This is a topic that me and moblord talked about after our podcast. It’s also a topic that I’ve been planning to cover eventually so why not now. On top of that it’s a topic that I haven’t really been seen covered before, probably because it’s a bit difficult to cover with limited information. This isn’t about getting the word to your follower but getting them, or others, spread the word of your channel by having content that’s shareable for you Twitch channel.
Content that’s shareable for you Twitch channel
First of all in general Twitch content is pretty hard to spread. The main reason is because Twitch happens at that moment and it’s all live (there are exceptions and we’ll get to those). Spreading something with limited life is pretty hard, if it’s a 8 hour stream the shareable moments are during those 8 hours and if it’s something that spreads during that moment it’s gone after it’s done. For instance a great gameplay moment happens and then it’s gone a few seconds later, sure someone can tell a friend but the friend can’t see it so it’s kind of useless to spread since there’s no value for anyone but you and the ones that watched it at that moment. We need to look beyond that to have content that’s shareable for you Twitch channel
Instead of being about spreading the content on Twitch it’s about spreading the content but spreading the personality of the streamer or a longer event. When it comes down to it it’s the “This streamer does X”, or different versions, that is what you’ve probably used when describing a streamer and not referred to a specific stream (exception are unique events).
The other side are of course Past Broadcasts and Highlights, however these tend to get a lot less spread then a YouTube clip. I used to wonder why this never really worked to really spread content. But it’s become more and more clear, for awhile now, that it’s about the community around it. It’s been solidified with the Bob Ross stream. A stream that is all a re-run, and still it’s bringing in thousands of concurrent viewers. Remember that I talked about exceptions about content spreading? This is one of them. When the content is constant of a set period of time it spreads, or rather it has the life and ability to be spread. That’s also why 24 hour streams have been used this way in great effect (with a big emphasis on have been). It gives it time to spread. However that is about to change and actually have already changed. A “normal” 24 hour stream isn’t interesting anymore for the sole reason that it’s not unique, it’s unique to your following but has a limited reach beyond that. There’s really nothing there to be spread it’s just another 24 hour stream for everyone else.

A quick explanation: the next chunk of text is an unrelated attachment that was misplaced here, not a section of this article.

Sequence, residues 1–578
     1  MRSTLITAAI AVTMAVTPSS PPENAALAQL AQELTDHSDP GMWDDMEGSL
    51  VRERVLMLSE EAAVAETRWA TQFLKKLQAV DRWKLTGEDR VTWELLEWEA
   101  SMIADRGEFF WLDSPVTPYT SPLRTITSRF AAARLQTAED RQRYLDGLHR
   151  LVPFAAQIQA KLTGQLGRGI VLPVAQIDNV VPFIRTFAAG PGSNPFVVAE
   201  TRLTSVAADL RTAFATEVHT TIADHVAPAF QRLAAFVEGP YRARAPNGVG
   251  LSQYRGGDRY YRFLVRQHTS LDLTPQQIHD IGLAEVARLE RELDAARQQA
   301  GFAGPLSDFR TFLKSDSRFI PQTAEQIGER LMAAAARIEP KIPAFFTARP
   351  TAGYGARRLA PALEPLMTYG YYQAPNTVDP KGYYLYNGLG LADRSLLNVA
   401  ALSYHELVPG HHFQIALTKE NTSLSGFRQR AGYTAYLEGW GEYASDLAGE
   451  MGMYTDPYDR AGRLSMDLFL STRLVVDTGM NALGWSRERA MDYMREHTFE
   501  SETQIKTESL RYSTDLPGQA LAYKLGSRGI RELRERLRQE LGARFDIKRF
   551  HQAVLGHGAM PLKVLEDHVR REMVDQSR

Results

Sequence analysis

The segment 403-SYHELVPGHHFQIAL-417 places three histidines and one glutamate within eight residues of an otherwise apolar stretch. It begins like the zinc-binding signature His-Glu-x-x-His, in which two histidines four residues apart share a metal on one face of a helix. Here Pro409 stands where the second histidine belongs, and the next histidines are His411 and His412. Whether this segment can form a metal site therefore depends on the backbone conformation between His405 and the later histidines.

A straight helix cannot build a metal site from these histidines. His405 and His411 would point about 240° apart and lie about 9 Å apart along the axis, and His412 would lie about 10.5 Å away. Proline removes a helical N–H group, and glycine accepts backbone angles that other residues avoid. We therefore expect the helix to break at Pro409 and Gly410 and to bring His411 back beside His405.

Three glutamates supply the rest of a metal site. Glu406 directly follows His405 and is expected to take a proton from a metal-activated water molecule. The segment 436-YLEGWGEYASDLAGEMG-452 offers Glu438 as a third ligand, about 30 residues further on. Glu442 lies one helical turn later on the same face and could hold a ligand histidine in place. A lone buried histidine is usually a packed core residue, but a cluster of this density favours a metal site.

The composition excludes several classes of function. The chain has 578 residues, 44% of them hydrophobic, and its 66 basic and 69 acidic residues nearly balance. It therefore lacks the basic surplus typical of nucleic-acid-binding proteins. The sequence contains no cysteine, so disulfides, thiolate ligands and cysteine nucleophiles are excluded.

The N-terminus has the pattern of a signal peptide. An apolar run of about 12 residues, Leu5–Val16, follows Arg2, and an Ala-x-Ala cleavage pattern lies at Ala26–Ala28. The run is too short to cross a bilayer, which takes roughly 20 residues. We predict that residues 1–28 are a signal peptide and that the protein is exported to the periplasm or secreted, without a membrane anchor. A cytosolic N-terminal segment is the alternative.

So what makes the Bob Ross a success? It’s a specific (popular) person, doing a very specific thing over a set amount of time. Is it possible to emulate? It is. Two things however, you might not be popular and (as mentioned) a 24 hour stream isn’t enough anymore. What will set you apart and allow it to spread is the concept of the stream. As mentioned someone doing a 24 hour stream in itself isn’t interesting to that many people outside of your circle but doing a 24 hour stream with X or during X or because of X is still something that generates a share. It’s interesting but we need to dig deeper for content that’s shareable for you Twitch channel.
What can be shared?
So what can you do stand out? Let’s start with something very simple: Visuals. For instance a text tweet, while informative, is lost in the masses of steady flowing feed. We’re very visual people and a image or a video will catch more eyes then text. Video is one of the tools that are very underused on Twitter at the moment, and I don’t mean linking to a YouTube clip or to a Instagram image. That would only mean one more step for the user to click on, not something we want happen, and not something that will be shared since it has less value. Instead the native tools on Twitter are what’s being underused. People tend to link to their Instagram photos or videos on YouTube, but fail to realize that those will not show up as a player/image on Twitter.
Don’t believe me? Let’s look at the statistics instead. As many as 80-90% of Tweets with the hashtag #Twitch or Twitch in the tweet all have images uploaded through Twitter (not linked via Instagram). Are these super solid metrics? Of course not they only measure Tweets with Twitch in the tweet and not a general look at what get’s most shares from different streamers. However it would not surprise me if it’s the same there. Using images and videos beat out giveaway and 24 hour stream by a long shot in the limited test.